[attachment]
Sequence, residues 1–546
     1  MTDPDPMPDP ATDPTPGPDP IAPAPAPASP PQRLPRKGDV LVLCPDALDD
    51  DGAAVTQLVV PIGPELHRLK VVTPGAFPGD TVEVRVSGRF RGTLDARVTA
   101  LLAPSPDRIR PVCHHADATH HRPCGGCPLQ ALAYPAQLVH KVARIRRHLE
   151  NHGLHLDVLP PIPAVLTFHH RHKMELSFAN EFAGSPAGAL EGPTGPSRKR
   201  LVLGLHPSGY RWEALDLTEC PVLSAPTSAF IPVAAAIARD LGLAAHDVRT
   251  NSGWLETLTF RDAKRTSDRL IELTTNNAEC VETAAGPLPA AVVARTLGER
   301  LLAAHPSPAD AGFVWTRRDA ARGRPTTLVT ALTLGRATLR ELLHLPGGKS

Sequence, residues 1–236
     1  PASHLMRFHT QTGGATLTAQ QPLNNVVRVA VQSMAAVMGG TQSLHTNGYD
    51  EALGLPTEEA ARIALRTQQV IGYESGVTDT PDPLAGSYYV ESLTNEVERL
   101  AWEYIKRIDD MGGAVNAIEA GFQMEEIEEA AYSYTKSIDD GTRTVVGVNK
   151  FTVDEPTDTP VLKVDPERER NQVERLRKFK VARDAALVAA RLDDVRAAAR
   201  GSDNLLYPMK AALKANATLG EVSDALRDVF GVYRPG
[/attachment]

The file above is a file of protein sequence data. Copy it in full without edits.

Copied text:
Sequence, residues 1–546
     1  MTDPDPMPDP ATDPTPGPDP IAPAPAPASP PQRLPRKGDV LVLCPDALDD
    51  DGAAVTQLVV PIGPELHRLK VVTPGAFPGD TVEVRVSGRF RGTLDARVTA
   101  LLAPSPDRIR PVCHHADATH HRPCGGCPLQ ALAYPAQLVH KVARIRRHLE
   151  NHGLHLDVLP PIPAVLTFHH RHKMELSFAN EFAGSPAGAL EGPTGPSRKR
   201  LVLGLHPSGY RWEALDLTEC PVLSAPTSAF IPVAAAIARD LGLAAHDVRT
   251  NSGWLETLTF RDAKRTSDRL IELTTNNAEC VETAAGPLPA AVVARTLGER
   301  LLAAHPSPAD AGFVWTRRDA ARGRPTTLVT ALTLGRATLR ELLHLPGGKS

Sequence, residues 1–236
     1  PASHLMRFHT QTGGATLTAQ QPLNNVVRVA VQSMAAVMGG TQSLHTNGYD
    51  EALGLPTEEA ARIALRTQQV IGYESGVTDT PDPLAGSYYV ESLTNEVERL
   101  AWEYIKRIDD MGGAVNAIEA GFQMEEIEEA AYSYTKSIDD GTRTVVGVNK
   151  FTVDEPTDTP VLKVDPERER NQVERLRKFK VARDAALVAA RLDDVRAAAR
   201  GSDNLLYPMK AALKANATLG EVSDALRDVF GVYRPG